Browsing: Canadian Dollar Forecast

USD/CAD showed limited movement last week as the pair hovered close to the 1.3050 line. The upcoming week is busy, with inflation, retail sales, and the Bank of Canada rate decision. Here is an outlook at the highlights and an updated technical analysis for USD/CAD.
Canadian numbers were mixed last week, The ADP nonfarm payrolls report improved to 46.2 thousand, its highest level in four months. However, Foreign Securities Purchases declined by C$1.75 billion in October, well off the estimate of C$12.32 billion. This was the first decline since July.
It was a busy week for U.S. indicators after the recent holiday period. Retail sales, the primary gauge of consumer spending, were positive in December. The headline reading improved to 0.3%, up from 0.2% a month earlier. Core retail sales impressed with a gain of 0.7%, above the estimate of 0.5%. The strong numbers were a result of a late-holiday shopping spree by consumers. Consumer inflation has been losing ground and remains below the Federal Reserve target of 2.0 percent. The downturn continued in December. CPI slowed to 0.2%, compared to 0.3% a month earlier. Core CPI dipped to 0.1%, down from 0.2%.

USD/CAD daily chart with support and resistance lines on it. Click to enlarge:

  1. Manufacturing Sales: Monday, 13:30. The manufacturing sector remains weak and manufacturing sales has managed only one gain in the past five readings. In October, the indicator declined by 0.7%, missing the forecast of zero. Will we see a rebound in the November release?
  2. Inflation: Monday, 13:30. Consumer inflation declined by 0.1% in November, its third decline in the past four months. Core CPI, which excludes the most volatile items which make up CPI, fell by 0.2% in November. We will now receive the December data.
  3. Wholesale Sales: Wednesday, 13:30. Sales at the wholesale level provide some guidance for consumer spending, a key growth engine of the economy. The indicator fell by 1.1% in November, after a gain of 1.0% a month earlier. The November reading was well off the estimate of -0.4%.
  4. BoC Rate Decision: Wednesday, 15:00. The Bank of Canada is expected to maintain the benchmark rate at 1.75%, where it has been pegged since October 2018. The tone of the rate statement could have a significant effect on the movement of USD/CAD.
  5. Retail Sales: Friday, 13:30. Retail Sales have sputtered, with three successive declines. In October, the indicator declined by 1.2%. This was well off the estimate of 0.5%, and marked the sharpest decline since April 2018.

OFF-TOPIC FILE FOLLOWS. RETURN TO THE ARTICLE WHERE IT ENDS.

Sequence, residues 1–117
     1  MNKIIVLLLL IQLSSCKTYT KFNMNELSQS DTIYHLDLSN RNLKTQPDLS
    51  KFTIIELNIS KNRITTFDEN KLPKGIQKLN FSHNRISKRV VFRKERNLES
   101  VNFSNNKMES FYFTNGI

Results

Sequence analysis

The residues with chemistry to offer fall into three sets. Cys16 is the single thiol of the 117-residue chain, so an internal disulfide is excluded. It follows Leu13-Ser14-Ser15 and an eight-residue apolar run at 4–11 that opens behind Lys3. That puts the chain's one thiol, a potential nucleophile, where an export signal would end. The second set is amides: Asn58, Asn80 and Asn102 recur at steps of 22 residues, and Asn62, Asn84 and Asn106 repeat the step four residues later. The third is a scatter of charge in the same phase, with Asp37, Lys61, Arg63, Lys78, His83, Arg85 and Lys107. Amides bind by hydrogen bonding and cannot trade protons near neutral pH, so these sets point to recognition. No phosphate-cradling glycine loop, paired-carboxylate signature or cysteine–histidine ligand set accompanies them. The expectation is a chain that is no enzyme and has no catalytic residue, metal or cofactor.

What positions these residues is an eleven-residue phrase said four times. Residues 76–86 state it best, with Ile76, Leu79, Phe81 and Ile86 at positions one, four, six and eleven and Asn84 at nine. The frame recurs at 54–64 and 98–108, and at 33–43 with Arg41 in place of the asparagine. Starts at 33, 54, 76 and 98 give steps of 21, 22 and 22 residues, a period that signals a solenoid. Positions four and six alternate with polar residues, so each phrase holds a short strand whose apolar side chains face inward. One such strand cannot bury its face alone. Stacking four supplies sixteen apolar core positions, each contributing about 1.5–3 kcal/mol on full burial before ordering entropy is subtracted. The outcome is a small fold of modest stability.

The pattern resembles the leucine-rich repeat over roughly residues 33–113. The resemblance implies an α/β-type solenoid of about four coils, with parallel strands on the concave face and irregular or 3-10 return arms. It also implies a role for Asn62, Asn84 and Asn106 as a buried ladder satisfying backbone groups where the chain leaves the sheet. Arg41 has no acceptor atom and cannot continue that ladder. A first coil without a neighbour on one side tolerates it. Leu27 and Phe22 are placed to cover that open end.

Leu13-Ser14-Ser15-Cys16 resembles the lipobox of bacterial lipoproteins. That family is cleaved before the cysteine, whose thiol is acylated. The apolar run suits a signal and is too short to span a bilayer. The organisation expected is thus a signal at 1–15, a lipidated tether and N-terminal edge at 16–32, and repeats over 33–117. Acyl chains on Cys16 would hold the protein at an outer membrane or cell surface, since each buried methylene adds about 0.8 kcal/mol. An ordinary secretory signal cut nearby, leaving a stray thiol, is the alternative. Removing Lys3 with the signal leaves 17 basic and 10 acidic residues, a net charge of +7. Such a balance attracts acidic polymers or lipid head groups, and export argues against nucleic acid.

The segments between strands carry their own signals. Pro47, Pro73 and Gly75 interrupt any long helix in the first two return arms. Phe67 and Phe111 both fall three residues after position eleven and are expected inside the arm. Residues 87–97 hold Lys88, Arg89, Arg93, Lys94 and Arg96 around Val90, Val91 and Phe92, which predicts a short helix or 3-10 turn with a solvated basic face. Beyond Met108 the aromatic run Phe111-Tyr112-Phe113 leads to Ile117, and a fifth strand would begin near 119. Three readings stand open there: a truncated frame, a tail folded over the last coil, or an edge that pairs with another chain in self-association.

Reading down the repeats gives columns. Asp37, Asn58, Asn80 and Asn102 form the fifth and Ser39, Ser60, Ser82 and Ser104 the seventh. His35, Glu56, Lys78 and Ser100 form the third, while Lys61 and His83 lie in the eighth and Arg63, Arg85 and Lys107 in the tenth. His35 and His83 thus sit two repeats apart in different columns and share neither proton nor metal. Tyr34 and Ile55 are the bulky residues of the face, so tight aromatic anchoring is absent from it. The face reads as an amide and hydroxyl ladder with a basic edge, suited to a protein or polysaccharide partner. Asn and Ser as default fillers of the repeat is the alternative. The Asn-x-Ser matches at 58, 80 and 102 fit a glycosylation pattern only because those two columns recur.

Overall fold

USD/CAD Technical Analysis

Technical lines from top to bottom:

We start with resistance at 1.3445, which has remained intact since June 2019. 1.3385 is next.

The round number of 1.3300 has served in a resistance role since early December. 1.3265 follows.

1.3150 switched to a resistance role in the last week of December.

1.3100 (mentioned last week) remains an immediate resistance line,

1.3048 was relevant throughout the week. Currently, it is a weak resistance line.

1.2916 has provided support since October 2018. 1.2830 is next.

1.2730 has held in support since May 2018.

1.2630 is the final support level for now.

I remain neutral on USD/CAD

After the recent flare-up between the U.S. and Iran, the situation has de-escalated and investor risk appetite has recovered. Canadian consumer data and the BoC rate statement could play a major role in the Canadian dollar’s fortunes this week.

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USD/CAD Technical Analysis, Canadian dollar forecast ► preview of the key events that move the Canadian dollar (C$) during the upcoming week. Here are some general data. Scroll down for the latest USD/CAD outlook

USD/CAD Characteristics

The Canadian dollar, aka “the loonie” (the loon appears on the 1 dollar coin) is a commodity currency. Oil is Canada’s primary exports and fluctuations in the “black gold” move CAD as well. The C$ also moves with also with stocks, as it is considered a “risk currency”. However, CAD  also depends heavily on demand from its No. 1 trading partner and southern neighbor, the USA. Trump’s trade wars hurt CAD. NAFTA renegotiations are not going anywhere fast.

Dollar/CAD tends to react relatively slowly to important economic data from Canada. Retail traders thus have a better level playing field that can jump into a trade even without the most sophisticated algorithmic tools. Even the Canadian jobs report tends to result in a relatively long move.

USD/C$ technical trading is OK: not choppy and tough, but neither fully respecting lines of support and resistance. Higher market volatility and trading volume make it more predictable.

Dollar/CAD Recent Moves

The Bank of Canada raised rates in two consecutive meetings, pushing the currency higher. However, this short cycle came to screeching halt alongside a slowdown in the economy and worries about inflation.

From the post-hike lows at the 1.20 handle, the pair began a correction phase and topped 1.29. However, the rise in oil prices due to some shortages and some profit taking stabilized the loonie. Another factor to watch is the housing situation in Toronto, Vancouver, and Montreal, which is worrying.

Canadian rate hikes, US demand and the price of oil will continue guiding USD/CAD.

Latest weekly Canadian dollar forecast

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